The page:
Well, that is not quite true anymore, is it?
Opening Day is today, a week after the Major League Baseball season began, and a day before I thought it began, when the St. Louis Cardinals play the Miami Marlins. The Cards are the defending champs, of course, and the revamped Marlins are hoping a new ballpark, high payroll, and manager Ozzie Guillen can get fans excited, or at least get them to show up.
Then, the next day, there are seven more games. And Friday there are nine more. And last week, the A's and Mariners played a pair of games in Japan, which roused my interest exactly as much as a pair of A's-Mariners games in Oakland. This is to say: Not at all.
Opening Day is not quite what it used to be. But I won't whine about that, or long for the days of yesteryear, when everybody knew when Opening Day was and writers could type "days of yesteryear" without sounding like complete dorks.
Times change. Baseball is, in many ways, as popular as it's ever been -- and better, too. The regular season is more exciting. So many more games are available on television, and technology has made it a lot more fun to watch. We know so much more about the best pitchers, hitters and fielders, and what it really takes to win (thanks to better stats, unless you are anti-intellectual and reject them all). The typical pitcher throws harder than he did 30 years ago, and I suspect that most curveballs break more sharply. Hitters adjust quicker. More fans live within driving distance of a major league team, and even the lousiest ballparks are pretty nice.
So I'm not complaining. Baseball is better. But Opening Day is like college football's bowl season -- it's spread out for marketing reasons, and not as great as it used to be. It's a casualty of progress.
I spent some time this week trying to think of how baseball can make Opening Day one of the biggest days on the sports calendar again. SPOILER ALERT: I couldn't do it. Part of the problem is that Opening Day is about hope and dreams and innocence, and so much of the modern sports landscape is about firing that idiot and trading that jackass.
There are logistical issues, too. Opening Day is wedged between two events that are undoubtedly bigger: the men's Final Four and the Masters. Ideally, baseball's Opening Day would be the Monday after the Masters -- perhaps with a single, marquee Sunday night game after somebody picks up the only green sport jacket in the world that is acceptable to wear. I think we would all get fired up, watching the leaders at Amen Corner, knowing that the next day was Opening Day. This seemed like a great idea to me until I thought about watching the World Series on Thanksgiving. As long as baseball is determined to stick with a 162-game schedule AND expanded playoffs, the season has to start before the Masters.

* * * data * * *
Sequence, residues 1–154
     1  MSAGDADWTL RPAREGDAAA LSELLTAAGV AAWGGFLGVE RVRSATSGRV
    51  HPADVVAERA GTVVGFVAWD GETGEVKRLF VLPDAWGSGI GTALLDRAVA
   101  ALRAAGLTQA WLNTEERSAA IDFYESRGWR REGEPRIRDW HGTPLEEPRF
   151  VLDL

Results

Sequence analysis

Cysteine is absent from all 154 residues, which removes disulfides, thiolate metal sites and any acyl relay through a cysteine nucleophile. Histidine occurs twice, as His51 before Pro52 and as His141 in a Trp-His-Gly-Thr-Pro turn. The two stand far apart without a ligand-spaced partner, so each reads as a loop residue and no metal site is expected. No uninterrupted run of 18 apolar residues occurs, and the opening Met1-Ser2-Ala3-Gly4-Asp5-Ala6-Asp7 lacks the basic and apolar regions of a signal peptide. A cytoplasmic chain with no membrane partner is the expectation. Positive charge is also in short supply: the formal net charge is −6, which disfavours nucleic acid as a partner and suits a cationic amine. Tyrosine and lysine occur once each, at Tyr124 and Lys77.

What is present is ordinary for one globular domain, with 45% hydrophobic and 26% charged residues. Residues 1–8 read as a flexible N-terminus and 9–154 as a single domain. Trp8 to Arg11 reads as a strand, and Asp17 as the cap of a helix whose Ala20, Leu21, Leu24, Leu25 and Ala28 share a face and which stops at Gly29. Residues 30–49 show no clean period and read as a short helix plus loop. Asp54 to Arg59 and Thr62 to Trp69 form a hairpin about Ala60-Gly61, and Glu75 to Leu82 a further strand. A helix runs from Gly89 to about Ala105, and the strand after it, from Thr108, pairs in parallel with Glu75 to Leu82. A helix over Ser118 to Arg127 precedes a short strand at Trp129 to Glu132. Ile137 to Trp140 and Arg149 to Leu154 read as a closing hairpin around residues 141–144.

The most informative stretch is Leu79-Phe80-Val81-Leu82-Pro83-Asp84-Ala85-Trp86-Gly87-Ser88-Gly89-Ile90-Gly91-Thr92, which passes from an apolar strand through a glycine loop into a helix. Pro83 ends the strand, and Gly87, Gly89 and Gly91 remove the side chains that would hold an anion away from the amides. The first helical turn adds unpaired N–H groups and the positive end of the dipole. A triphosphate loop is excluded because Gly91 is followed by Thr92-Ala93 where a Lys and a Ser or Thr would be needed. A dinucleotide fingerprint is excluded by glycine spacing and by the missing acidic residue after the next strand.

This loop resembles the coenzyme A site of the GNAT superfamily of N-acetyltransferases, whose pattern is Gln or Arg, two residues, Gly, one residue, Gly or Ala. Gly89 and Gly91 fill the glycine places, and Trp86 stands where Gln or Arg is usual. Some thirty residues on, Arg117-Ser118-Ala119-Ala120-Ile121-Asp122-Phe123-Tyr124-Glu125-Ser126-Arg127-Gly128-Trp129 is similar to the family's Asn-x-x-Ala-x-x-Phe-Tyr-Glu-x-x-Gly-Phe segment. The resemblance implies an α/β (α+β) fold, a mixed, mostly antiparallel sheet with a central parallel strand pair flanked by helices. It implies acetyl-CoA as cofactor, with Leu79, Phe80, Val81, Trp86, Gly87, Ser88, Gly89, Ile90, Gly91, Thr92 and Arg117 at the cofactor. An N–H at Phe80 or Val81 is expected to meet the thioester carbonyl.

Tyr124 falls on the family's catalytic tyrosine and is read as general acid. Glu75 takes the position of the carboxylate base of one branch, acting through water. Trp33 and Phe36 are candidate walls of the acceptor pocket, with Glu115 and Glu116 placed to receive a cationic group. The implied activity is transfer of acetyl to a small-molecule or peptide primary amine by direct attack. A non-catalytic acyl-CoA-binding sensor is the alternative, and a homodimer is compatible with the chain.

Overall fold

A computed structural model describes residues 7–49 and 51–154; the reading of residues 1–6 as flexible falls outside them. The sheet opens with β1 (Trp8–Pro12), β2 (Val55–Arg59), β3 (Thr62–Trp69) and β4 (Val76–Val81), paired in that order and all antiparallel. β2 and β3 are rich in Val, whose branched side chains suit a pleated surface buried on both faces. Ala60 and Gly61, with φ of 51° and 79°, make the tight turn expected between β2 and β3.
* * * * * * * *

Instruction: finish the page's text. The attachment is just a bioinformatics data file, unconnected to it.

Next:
I kept thinking about this, and then I realized: Does it even matter anymore?
The NFL season used to start on Sundays, because every game was on Sunday, except one, which was on Monday. Now the NFL opens with a marquee game on Thursday night, which draws 147 million people to their television sets, because it's early September and we're all shaking because it's been seven months since our last NFL-game morphine drip. This would make you think that baseball can do the same thing, but it can't. One regular-season baseball game to start the season just isn't Cowboys-Giants.
Baseball could have everybody start the season the day after the Final Four. In time, that would become a tradition, if not a Tradition Unlike Any Other. But let's face it: Major League Baseball has decided it is more important (read: more profitable) to send teams overseas a week early than to have a real Opening Day.
The fact is, Opening Day was great when seasons actually ended. They don't end anymore. One of the biggest days of the NFL year happens in April. I don't know how to quantify the money the NFL makes from the draft, but when you consider how many people watch NFL Network draft specials, read stories on NFL.com about the draft, watch the draft and buy jerseys of players who just got drafted, a rough guess would be: a lot.
Baseball does not really need to announce its presence on the sports calendar, because baseball is always present. When the World Series ends, we talk about free agency. And trades. And then spring training, which is not about training anymore, and is only marginally about the current season -- it's a time to talk about prospects and impending free agency and arbitration clocks, and to wonder WHAT ON EARTH the Reds were thinking when they gave Joey Votto a 10-year extension, on top of two years he has left on his deal. Votto is a great player and all, but
The fact is, baseball season does not start on Opening Day anymore. That is just when the games start. And I'm glad they're here.